Holding signs that read “Baghdad is Burning” and “Pray for Peace,” chanting prayers and listening to speeches, about 100 Iraqi immigrants stood on the steps of the First Parish Church in downtown Portland on Sunday to remember those who were killed in a massive suicide bombing last week in Baghdad.

Children held candles, and a chalk map of Iraq was drawn on the brick sidewalk in front of the church, where flowers also were set down.

At least 222 people died in the blast July 3 after a truck carrying a bomb exploded in a popular shopping district.

The Islamic State terrorist group, also known as ISIS, claimed responsibility for the attack. It was one of the worst bombings in Iraq since the 2003 U.S.-led invasion.

Noor Ibrahim, 19, one of the speakers at the ceremony, said people should know that ISIS is falsely using the Islamic faith as justification for numerous terrorist acts.

“ISIS is not Islam,” Ibrahim said. “ISIS is not a religion. Murdering people is not a religion.”

The bombing happened in Karrada, a middle-class neighborhood, during the last days of the Muslim holy month of Ramadan, a period of fasting. People were congregating at the mall to break their fast and prepare for Eid-al-Fitr, a celebration that follows Ramadan.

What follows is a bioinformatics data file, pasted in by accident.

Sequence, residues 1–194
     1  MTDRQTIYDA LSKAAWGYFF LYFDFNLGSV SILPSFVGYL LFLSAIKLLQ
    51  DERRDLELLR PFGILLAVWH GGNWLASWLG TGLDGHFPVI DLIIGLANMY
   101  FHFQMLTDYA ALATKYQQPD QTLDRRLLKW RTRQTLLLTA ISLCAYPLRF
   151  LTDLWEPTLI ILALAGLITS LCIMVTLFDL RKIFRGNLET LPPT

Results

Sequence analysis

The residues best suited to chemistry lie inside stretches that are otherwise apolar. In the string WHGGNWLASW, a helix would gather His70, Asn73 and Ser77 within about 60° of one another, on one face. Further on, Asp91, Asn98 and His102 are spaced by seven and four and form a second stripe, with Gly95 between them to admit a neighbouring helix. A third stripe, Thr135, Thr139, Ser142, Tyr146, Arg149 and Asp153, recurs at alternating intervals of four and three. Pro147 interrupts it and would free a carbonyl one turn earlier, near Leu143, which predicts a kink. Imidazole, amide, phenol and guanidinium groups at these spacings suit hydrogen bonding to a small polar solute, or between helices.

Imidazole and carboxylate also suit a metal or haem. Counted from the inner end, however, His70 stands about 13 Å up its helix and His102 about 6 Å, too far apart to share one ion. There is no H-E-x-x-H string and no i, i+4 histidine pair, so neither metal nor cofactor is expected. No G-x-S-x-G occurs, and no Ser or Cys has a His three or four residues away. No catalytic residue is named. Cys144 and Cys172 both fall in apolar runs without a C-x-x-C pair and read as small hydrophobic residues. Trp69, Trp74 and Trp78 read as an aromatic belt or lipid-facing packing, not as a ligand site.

Hamdiyah Alwakeal of Portland said her 17-year-old nephew, Ali Alwakeal, died during the bombing, and she believes he was so close to the explosion that there are no remains of him.

Alwakeal said it’s important to remember families and friends who are still in Iraq, and to show support for those suffering from the attack. Alwakeal said she has become a U.S. citizen and has lived in Maine for eight years.

Many Iraqi immigrants – up to 5,000, according to some counts – now live in Maine, and popular spots to settle have been Portland, Westbrook and Lewiston. An Arabic-language newspaper started this year, and there are several Iraqi restaurants and shops.

Ibrahim said many Iraqis when emigrating to the U.S. gravitate toward Maine because of its low crime rate and welcoming attitude.

“Maine is a great place. People here are very accepting,” said Ibrahim, a liberal arts student at Southern Maine Community College who moved to the U.S. with her family in 2008. Ibrahim said the strong educational system in the U.S. is another reason Iraqis move here.

Mohammed Albehadli of Portland said the attack last week killed or wounded many young people who were enjoying themselves at the mall.

“This is very heartbreaking, and we need to remember them,” Albehadli said.